Pizzas and Hamburgers On The Run
Eating Out Today: A New Way of Life: Part 2
By MARSHA NUTTER
So, the quick service restaurants seem to be doing a booming business but what about the regular restaurants in the area? How are they doing?
Vogue magazine, which recently did a major article on the quick service franchising, reported, “The whole experience of eating has been drained of every last personal and social aspect.”
Some restaurant owners feel people still want the personal and social aspect in their dining – all the frills.
EDDIE SOLOMON, owner of McGarvey’s Restaurant in Vermilion, said he had his best year ever last year and has doubled his sales in the past six years.
“The quick service establishments haven’t really bothered us,” Solomon said, “but there is no doubt a market for them.
“I feel there is also a trend toward elegant dining. People still want atmosphere and they are ready to pay for it,” Solomon said.
“As a matter of fact, there’s a need for a few more good restaurants, especially in the Lorain area,” he said.
JOHN PRESTI of Presti’s Restaurant in Oberlin, said there is still a market for the “better-type” restaurant and the leisurely meal.
“The quick service establishments cut into our late evening trade,” Presti said. “Those who are just looking for a snack for a sandwich now turn to the quick service places.”
“There’s definitely a market for both types of eating places,” Presti said.
Ted Patouhas, manager of the Holiday Inn of SR 57 in Elyria, said he feels a lot of people, especially young families, use the quick service restaurants.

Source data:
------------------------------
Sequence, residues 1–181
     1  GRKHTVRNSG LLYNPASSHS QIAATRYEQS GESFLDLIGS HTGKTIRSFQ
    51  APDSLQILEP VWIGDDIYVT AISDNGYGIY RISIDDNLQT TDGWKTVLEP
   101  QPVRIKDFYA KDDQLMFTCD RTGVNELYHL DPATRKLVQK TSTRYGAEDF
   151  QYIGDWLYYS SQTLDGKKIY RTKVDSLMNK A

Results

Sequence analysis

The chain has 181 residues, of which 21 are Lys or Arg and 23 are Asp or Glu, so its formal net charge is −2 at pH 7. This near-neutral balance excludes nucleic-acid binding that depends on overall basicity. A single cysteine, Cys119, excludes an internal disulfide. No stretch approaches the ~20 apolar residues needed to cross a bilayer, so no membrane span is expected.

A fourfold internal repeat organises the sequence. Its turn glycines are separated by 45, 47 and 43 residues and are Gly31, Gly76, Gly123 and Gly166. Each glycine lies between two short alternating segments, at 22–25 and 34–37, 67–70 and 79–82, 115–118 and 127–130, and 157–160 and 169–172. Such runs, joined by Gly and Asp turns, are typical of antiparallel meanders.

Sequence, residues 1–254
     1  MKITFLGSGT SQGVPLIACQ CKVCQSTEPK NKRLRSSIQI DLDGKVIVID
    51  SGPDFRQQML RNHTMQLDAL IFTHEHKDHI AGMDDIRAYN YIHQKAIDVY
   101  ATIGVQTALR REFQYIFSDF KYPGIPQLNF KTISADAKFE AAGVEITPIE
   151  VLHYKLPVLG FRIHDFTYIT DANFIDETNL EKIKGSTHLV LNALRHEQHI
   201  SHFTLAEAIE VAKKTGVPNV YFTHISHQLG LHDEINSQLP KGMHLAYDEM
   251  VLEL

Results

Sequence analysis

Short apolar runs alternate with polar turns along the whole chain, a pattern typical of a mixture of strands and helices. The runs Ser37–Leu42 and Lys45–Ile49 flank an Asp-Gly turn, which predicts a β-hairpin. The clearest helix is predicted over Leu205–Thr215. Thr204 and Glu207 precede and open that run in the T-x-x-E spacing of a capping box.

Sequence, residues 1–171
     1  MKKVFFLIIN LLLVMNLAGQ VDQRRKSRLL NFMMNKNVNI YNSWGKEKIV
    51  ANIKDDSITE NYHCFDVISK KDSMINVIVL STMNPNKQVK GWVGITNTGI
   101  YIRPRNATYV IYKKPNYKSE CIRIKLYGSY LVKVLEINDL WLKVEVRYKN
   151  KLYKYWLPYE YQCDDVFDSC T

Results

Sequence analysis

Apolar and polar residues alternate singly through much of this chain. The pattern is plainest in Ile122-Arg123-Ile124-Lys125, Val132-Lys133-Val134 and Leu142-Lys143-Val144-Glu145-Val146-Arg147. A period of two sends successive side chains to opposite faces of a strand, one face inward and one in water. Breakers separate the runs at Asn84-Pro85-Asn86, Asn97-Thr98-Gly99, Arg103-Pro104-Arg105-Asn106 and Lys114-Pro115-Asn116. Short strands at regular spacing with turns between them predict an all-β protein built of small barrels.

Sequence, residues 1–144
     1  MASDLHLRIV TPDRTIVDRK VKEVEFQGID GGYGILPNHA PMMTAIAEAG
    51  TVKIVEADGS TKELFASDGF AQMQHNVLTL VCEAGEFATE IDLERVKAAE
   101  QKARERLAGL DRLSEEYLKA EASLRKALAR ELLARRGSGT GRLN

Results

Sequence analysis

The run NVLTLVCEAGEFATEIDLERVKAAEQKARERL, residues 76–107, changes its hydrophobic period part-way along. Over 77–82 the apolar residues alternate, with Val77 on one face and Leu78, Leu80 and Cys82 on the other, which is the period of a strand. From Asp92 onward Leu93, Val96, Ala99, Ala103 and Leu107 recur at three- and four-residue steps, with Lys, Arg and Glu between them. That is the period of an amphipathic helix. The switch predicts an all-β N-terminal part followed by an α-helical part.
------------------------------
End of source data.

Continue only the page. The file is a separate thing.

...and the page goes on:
“They can eat out more often and they don’t have to get dressed up,” Patouhas said.
“I STILL believe the nice leisurely meal is popular and at least 60 percent of our evening business and around 90 percent of our noon business is from local people,” he said.
Olga Blondyn of the Castle-on-the-Lake Restaurant on West Erie Avenue in Lorain said leisurely dinners are still popular.
“Quick service establishments haven’t really affected our business,” she said. “We still get the normal flow of business that we have always had.”
She said she feels people still like to dress up and go out for a nice dinner and then just set around the table and relax.
Eddie Ratusz, owner of Eddie’s Chalet West in North Ridgeville said he believes the new movement of young people use the quick service establishments.
He also said about 80 percent of his business is from outside Lorain County.
****I’m sure you saw the two restaurant photos on the Sunday Journal article reproduction at the top of this post. The one on the left is the Old English Fish ’n Chips restaurant building, which was located on Oberlin Avenue (and is currently the home of Diso’s Bistro). The other, of course, is one of the area Casey’s Drive Ins (there were three); I’m guessing it was the one on N. Ridge Road that started out as Kelly’s Jet System Hamburgers.